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Lonely Planet Korean Phrasebook & Dictionary Paperback – 11 May 2012
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Top customer reviews
The book is a nice handy size (literally). It is about the size of a medium-sized hand. It does indeed contain phrases in Korean, so it does fulfil its title. However, I think there isn't much good to say about the book beyond there.
First of all, as Korean uses a different alphabet, you probably want to learn that. This is covered in the phrasebook. However, South Korea recently adopted a new romanisation, which in my opinion, is an improvement upon the old one. The book, on the other hand, bravely (perhaps arrogantly) decides that the old romanisation is better, and keeps this. I am not sure whether this is just laziness, or that they truly think it is better, but I think they should use the new system. It is more consistent with your experience in Korea and I think is easier to read. It explains the difference between one sound and another by saying one is "aspirated" and the other is not, without explaining what that means. Turns out it's like the difference between b and p, but it would just be better to use b and p, like the new romanisation does.
Second, while the book does say a bit about the different levels of formality in the language, it confused me a bit about things like "thank you." The inside front cover has key phrases, like thank you, but for thank you it gives you two options without explanation. Both are formal enough, but one is the usual for out and about (gamsa hamnida), so for key phrases, it would be best to give you the one you need.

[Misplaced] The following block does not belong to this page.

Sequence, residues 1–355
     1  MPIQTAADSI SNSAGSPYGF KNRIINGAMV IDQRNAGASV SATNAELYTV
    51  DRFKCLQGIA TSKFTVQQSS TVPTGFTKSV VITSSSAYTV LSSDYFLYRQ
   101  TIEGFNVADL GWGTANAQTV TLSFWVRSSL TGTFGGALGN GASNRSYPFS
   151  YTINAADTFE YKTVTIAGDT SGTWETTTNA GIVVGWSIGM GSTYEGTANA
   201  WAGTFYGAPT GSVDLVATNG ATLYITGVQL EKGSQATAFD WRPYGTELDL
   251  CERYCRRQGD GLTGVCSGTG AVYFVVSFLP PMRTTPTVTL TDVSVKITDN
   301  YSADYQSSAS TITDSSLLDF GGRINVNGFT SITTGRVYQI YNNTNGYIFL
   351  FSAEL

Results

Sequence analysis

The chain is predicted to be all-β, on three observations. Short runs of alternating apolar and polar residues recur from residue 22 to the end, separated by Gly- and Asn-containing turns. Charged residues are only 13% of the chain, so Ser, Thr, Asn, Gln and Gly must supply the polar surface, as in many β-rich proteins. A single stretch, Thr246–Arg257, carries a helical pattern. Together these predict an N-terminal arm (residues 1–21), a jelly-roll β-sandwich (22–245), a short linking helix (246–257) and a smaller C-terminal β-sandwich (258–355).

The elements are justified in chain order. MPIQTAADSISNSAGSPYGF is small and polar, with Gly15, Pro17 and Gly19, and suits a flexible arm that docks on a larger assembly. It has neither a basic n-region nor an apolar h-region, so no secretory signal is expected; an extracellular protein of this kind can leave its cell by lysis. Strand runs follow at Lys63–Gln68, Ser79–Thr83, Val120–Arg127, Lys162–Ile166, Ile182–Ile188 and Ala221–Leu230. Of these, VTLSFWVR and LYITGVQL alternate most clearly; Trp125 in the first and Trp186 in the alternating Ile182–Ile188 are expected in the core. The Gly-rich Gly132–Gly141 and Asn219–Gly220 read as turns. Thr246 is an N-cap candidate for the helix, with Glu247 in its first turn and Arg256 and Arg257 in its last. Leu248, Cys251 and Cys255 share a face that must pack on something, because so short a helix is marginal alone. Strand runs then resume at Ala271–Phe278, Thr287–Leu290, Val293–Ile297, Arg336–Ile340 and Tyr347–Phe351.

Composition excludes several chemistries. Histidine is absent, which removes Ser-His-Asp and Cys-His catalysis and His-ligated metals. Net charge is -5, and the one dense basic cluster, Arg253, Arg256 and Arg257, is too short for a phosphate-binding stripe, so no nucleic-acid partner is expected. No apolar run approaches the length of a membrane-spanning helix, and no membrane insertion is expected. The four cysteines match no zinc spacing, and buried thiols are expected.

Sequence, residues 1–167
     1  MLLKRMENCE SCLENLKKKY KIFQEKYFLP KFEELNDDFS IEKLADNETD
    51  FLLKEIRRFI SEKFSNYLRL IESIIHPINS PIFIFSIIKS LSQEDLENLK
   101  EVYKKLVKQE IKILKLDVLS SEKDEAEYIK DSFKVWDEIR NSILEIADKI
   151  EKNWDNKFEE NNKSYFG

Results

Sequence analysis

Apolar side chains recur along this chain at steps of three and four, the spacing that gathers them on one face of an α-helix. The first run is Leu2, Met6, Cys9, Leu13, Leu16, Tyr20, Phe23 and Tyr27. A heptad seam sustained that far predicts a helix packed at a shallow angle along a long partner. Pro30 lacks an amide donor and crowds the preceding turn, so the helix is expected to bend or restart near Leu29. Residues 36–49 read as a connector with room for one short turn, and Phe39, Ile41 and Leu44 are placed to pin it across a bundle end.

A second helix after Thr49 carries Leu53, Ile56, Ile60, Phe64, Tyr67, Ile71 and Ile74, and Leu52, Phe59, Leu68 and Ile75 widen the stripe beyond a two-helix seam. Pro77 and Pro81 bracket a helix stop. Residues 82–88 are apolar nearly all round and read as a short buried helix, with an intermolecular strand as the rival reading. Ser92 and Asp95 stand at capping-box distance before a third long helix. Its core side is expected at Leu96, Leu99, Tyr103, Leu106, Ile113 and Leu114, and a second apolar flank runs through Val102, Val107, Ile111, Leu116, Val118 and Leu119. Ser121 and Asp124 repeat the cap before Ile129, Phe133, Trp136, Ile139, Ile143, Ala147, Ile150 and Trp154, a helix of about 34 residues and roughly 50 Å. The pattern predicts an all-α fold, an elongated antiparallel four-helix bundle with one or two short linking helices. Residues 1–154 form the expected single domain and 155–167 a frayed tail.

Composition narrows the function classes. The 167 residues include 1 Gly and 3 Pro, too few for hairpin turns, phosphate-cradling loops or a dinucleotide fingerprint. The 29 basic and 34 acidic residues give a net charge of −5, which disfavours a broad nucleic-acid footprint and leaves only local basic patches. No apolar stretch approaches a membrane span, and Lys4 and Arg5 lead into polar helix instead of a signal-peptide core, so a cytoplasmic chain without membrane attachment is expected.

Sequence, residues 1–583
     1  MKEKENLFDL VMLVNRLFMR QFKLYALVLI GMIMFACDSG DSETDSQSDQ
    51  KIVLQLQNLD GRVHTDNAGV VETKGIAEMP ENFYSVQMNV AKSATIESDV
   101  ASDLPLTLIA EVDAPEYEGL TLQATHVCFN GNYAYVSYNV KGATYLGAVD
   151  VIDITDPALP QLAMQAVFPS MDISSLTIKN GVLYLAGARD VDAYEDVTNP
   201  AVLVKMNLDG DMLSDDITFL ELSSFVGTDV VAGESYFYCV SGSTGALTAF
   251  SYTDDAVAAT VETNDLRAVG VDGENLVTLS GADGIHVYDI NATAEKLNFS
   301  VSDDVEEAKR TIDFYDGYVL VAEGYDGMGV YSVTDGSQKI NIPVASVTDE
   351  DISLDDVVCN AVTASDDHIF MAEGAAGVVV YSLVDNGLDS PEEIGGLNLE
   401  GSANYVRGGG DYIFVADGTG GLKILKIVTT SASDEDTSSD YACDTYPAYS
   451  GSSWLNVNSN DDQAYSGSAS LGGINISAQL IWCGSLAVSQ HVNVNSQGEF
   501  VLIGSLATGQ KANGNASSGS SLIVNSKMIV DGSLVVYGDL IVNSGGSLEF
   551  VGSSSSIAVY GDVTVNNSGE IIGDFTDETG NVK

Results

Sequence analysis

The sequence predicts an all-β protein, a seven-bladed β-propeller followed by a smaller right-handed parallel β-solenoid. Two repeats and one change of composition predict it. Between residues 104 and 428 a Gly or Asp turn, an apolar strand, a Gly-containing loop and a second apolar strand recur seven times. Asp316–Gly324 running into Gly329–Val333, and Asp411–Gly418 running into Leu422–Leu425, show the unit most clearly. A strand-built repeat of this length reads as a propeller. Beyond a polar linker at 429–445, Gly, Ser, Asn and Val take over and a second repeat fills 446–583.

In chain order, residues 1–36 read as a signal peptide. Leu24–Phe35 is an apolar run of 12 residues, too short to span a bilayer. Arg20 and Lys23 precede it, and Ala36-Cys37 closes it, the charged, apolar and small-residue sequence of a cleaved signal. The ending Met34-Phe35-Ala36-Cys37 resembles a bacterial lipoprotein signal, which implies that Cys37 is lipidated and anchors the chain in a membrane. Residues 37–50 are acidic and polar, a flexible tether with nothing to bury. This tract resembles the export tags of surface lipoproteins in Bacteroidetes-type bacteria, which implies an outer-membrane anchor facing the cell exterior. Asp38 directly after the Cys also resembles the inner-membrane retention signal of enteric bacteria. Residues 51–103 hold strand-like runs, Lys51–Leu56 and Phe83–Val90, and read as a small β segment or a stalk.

Another thing that really frustrated me was the lack of key words throughout the book, which I also think is poorly structured. We got in a taxi in Gunsan, and wanted to go to the airport. After the driver didn't understand our hand signals and noises, I turned to the phrasebook. Flipping to the section on transport, I couldn't find the word for airport. The only place it was was embedded in a sentence about an airport shuttle bus. Flustered, I pointed to the sentence, and the driver fortunately got my meaning, but there was no way I could work out which word it was. Yes, there is a short dictionary at the back of the book with the word, but in my flustered state I turned to the main section. There should have been key words flagged up.
I think the main thing about the book is it almost forgets its remit as a phrasebook, and almost tries to teach you the language, but very poorly. If you want to learn Korean, you would not use this book. As a phrasebook though, I think it goes too far and forgets the basics. The phrase section at the back of your guidebook is probably sufficient. We bought the Insights Guide (after returning the Lonely Planet one), and found that the phrase section had plenty for most purposes.
Other than that, it's very small and handy, cheap and covers quite a lot (including a small dictionary). It also gives a short overview of the language, which is easy to follow and gives you the basics. All in all, it's a good buy, but I hope they will update it to the new romanization soon.
It has so much in it and gives you phrases for all of the needs you could ever think of!
It even gives you cultural tips so you dont do anything offensive!
Is perfect for travellers who don't want to learn the language!
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